It's not as if my family went into superstorm Sandy totally unprepared.
We bought six gallons of milk, because there's nothing better than a powerless fridge full of warm, delicious milk after a week or so. We purchased plenty of bread, which, although no one was willing to eat it after day two, could have eventually proved useful: I'm pretty sure you can kill or stun a looter with an 11-day-old baguette by swinging it like a Louisville Slugger.
We even made sure we had plenty of candles, so we would be able to see the boredom and hatred on each others' faces clearly, night after night.
We just didn't, as it turned out, buy any of the things that actually could have helped us with this particular emergency. No generator, no extra gasoline, and not nearly enough of the really good Halloween candy.
Honestly, my family had a pretty easy storm. We were only without power for four days, thanks to living on a main road, in an apartment complex, next to a large hospital. There aren't many advantages to living on a main road, in an apartment complex, next to a large hospital: Quick power reconnection after storms and quick treatment after domestic accidents may be the only ones.
But throughout the storm and in the weeks since, I found myself struggling with a quandary that's been bugging me since 1999, and good old Y2K.
On one end of the spectrum, you've got the guy who has dedicated his life and his savings to preparing for the post-disaster society. He's got guns, bullets, a concrete fortress installed under the vegetable garden and 14,000 cans of food. He's got water tanks, gasoline reserves and generators. And if he set up his stash on the eve of the year 2000, he has DVD editions of "The Sixth Sense" and "Fight Club" to keep the family entertained post apocalypse.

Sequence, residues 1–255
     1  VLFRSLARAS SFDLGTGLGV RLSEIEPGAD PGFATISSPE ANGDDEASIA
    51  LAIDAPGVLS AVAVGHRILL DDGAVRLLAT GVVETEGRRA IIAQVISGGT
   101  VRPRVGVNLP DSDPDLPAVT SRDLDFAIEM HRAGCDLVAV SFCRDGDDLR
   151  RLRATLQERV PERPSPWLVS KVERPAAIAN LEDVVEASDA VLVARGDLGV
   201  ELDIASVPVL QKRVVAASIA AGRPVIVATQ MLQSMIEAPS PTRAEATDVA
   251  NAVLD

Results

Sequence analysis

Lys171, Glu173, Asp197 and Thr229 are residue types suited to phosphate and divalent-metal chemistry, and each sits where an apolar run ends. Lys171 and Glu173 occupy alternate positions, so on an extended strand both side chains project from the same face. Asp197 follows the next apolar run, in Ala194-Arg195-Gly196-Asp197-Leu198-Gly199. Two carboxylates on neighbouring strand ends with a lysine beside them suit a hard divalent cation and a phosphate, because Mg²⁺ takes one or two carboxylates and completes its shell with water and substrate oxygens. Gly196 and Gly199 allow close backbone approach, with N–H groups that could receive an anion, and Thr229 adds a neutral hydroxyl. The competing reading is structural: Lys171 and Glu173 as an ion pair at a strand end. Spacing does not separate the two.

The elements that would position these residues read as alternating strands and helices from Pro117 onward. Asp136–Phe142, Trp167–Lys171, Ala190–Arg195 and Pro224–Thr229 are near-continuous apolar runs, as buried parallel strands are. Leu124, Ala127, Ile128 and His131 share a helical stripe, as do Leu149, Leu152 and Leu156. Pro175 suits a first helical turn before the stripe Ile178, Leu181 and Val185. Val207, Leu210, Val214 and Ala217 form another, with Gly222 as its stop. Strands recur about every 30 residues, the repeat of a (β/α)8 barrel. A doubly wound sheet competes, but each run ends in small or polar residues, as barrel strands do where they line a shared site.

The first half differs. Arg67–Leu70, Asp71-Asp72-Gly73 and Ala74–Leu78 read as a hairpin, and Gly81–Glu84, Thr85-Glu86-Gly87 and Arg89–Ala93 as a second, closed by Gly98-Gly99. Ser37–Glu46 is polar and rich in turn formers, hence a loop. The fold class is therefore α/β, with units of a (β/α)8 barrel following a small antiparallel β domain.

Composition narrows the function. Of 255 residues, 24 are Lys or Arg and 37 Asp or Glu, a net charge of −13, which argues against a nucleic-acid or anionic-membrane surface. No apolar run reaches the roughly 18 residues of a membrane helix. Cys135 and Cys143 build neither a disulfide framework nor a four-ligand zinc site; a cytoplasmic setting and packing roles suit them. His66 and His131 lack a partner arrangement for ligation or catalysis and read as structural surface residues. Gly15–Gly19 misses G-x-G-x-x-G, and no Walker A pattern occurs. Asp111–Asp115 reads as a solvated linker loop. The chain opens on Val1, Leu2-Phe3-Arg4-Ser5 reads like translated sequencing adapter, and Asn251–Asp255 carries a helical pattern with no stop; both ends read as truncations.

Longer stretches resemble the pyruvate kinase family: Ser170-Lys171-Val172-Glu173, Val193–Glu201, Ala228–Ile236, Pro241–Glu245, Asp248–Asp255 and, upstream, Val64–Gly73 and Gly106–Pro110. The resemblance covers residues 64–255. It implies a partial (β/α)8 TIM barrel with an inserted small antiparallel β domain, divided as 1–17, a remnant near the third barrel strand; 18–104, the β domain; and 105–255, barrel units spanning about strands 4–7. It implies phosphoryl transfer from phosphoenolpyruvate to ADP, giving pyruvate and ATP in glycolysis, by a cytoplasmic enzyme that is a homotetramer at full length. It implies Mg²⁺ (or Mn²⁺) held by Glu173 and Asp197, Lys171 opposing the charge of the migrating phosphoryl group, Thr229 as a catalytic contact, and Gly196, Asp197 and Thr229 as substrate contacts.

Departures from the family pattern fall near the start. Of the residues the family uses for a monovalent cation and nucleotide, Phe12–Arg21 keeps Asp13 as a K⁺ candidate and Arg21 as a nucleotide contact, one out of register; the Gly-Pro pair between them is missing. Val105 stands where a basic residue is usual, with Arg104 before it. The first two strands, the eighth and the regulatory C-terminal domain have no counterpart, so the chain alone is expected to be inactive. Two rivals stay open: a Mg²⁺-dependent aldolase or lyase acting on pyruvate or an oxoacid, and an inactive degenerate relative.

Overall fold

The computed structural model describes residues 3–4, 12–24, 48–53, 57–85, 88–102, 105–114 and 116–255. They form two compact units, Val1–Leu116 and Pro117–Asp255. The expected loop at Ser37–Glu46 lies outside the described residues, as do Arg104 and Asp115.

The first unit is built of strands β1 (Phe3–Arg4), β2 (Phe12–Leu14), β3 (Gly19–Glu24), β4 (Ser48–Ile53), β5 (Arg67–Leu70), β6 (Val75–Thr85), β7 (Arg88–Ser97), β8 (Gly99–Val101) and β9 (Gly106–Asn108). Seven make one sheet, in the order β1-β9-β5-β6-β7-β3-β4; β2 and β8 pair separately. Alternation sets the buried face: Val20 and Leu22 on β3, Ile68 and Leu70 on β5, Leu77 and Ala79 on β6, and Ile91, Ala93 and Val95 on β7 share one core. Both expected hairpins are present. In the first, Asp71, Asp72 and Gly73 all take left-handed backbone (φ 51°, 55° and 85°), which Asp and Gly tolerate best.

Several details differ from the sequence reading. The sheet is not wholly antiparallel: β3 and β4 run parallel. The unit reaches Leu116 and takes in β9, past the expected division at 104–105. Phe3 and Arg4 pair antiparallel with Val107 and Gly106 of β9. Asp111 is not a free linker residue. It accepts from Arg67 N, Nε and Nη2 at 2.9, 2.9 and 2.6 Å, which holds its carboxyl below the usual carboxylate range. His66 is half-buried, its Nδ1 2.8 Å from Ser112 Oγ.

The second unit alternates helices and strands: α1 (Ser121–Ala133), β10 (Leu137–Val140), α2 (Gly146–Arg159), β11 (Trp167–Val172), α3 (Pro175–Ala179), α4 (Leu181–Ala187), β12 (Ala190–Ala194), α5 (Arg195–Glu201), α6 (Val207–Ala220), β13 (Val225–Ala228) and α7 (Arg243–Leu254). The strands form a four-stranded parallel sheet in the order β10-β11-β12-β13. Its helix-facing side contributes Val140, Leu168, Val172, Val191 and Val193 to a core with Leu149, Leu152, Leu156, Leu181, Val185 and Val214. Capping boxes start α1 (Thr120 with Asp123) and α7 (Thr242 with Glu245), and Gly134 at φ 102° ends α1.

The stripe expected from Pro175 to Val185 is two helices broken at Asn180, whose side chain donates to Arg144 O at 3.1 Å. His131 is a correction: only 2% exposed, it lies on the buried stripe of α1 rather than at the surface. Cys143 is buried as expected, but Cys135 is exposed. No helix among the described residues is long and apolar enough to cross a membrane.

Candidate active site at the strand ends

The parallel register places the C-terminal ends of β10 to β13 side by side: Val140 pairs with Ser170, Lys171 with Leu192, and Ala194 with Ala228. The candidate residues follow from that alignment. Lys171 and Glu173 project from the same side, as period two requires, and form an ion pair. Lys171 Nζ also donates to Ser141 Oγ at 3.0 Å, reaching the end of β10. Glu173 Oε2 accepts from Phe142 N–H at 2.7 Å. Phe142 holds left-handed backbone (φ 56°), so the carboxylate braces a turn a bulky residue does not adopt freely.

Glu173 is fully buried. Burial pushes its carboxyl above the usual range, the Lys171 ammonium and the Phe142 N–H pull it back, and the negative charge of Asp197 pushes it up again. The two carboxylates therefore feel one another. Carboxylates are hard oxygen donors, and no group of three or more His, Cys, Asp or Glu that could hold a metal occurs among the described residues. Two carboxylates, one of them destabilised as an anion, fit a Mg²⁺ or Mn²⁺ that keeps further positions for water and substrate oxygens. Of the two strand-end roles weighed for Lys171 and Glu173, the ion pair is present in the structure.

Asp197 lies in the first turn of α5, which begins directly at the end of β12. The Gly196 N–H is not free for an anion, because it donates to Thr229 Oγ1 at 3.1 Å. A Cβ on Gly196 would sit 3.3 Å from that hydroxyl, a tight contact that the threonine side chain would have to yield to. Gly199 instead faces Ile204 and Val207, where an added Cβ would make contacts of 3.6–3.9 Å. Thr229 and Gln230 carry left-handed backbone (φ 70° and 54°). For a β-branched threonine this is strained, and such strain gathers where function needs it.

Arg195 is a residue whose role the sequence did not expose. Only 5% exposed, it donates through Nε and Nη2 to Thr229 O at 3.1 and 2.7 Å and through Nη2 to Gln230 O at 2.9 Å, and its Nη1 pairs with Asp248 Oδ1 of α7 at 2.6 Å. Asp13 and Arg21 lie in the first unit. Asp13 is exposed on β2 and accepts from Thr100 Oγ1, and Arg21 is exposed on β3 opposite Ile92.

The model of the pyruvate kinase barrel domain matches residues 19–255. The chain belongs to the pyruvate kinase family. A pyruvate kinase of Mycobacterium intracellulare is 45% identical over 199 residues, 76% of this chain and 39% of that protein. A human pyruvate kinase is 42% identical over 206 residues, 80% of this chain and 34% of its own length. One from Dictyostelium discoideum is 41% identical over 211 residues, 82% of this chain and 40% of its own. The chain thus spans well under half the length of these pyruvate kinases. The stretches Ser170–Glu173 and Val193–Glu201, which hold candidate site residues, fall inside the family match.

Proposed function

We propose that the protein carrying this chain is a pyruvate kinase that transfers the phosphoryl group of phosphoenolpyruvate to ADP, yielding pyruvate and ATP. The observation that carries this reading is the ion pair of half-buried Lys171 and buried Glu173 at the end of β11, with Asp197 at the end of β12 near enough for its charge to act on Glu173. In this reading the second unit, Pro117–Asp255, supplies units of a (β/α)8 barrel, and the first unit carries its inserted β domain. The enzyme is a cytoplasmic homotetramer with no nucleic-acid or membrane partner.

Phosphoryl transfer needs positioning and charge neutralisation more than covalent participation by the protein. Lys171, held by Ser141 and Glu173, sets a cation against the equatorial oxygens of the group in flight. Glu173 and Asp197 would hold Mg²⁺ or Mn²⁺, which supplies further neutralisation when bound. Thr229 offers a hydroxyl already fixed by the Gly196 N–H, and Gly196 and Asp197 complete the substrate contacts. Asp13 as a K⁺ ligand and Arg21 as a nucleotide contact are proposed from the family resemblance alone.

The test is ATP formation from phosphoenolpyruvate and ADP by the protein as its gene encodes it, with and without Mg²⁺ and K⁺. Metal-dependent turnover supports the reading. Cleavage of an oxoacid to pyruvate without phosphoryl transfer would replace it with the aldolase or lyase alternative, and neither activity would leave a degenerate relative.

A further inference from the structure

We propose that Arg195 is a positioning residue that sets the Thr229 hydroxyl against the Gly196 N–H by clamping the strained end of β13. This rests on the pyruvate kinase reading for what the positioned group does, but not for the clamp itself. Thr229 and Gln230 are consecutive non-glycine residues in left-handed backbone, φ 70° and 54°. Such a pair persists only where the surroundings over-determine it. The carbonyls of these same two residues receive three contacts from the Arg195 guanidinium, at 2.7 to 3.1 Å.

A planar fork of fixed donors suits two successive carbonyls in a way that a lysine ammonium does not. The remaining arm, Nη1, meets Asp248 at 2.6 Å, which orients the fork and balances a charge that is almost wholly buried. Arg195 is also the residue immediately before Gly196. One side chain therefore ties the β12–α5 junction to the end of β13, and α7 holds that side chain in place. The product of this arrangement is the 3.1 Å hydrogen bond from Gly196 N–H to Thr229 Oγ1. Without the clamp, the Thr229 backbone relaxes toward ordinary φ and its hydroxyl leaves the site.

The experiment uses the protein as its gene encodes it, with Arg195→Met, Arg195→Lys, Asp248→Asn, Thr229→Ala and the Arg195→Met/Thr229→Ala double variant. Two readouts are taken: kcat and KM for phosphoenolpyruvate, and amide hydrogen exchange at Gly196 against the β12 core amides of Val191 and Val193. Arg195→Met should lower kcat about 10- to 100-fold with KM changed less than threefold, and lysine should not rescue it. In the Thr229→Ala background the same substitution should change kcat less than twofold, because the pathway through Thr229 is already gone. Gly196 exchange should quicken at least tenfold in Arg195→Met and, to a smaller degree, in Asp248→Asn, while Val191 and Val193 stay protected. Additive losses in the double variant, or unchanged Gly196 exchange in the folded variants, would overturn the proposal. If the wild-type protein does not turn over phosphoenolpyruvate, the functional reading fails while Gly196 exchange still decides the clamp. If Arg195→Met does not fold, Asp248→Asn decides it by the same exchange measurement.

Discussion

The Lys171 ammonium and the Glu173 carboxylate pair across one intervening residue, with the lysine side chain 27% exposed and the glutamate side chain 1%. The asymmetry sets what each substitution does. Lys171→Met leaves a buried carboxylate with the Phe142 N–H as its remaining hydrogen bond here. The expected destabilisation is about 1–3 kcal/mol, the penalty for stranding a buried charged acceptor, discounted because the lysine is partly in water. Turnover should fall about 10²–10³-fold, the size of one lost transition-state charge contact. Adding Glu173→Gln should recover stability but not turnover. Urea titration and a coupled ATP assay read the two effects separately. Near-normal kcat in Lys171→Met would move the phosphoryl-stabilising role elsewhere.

On the other end of the scale, you've got the family whose only emergency preparations are seven packs of Marlboros, a case of Fresca and the number "911" written on a Post-it note stuck to the freezer.
And we decide which of those guys is sane and which of them is crazy based on the uncontrollable occurrences, like weather, that actually happen to happen.
We laughed at the Y2K loonies because society didn't disintegrate into madness on Jan. 1, 2000. If the computers had gone kerflooey, the neighbor I once called "Bomb Shelter Barry" would instead be known as "Brilliant Barry," and my wife probably would have sold me into his slave army in exchange for three cans of fancy cling peaches.
In a world of unlimited resources, the bomb shelter guys would be right. If we live long enough, something terrible will happen, and it's better to be prepared for it than not. There's no way to get prepared once the horrible thing happens, or even when it's on the way. By then the gas, generators, batteries and "Fight Club" DVDs are all gone.
But we do not live in a world of unlimited resources.
So generators that cost $5,000 and piles of unspoilable food that must be stored have to be balanced against all the other things we want. Stuff like food we can actually eat today, and college tuition, and bicycles and cars and clothing and circus tickets.
If it were easy to buy survivalist gear when we need it most, we'd own a lot more of it. But it's mostly only possible to purchase such stuff once the sting of unpreparedness has worn off. And the need doesn't feel nearly as pressing when the heat is working and the ice cream is staying frozen.
Generators? We don't need no stinkin' generators.
At least not today.
Lane Filler is a member of the Newsday editorial board. His email address is firstname.lastname@example.org.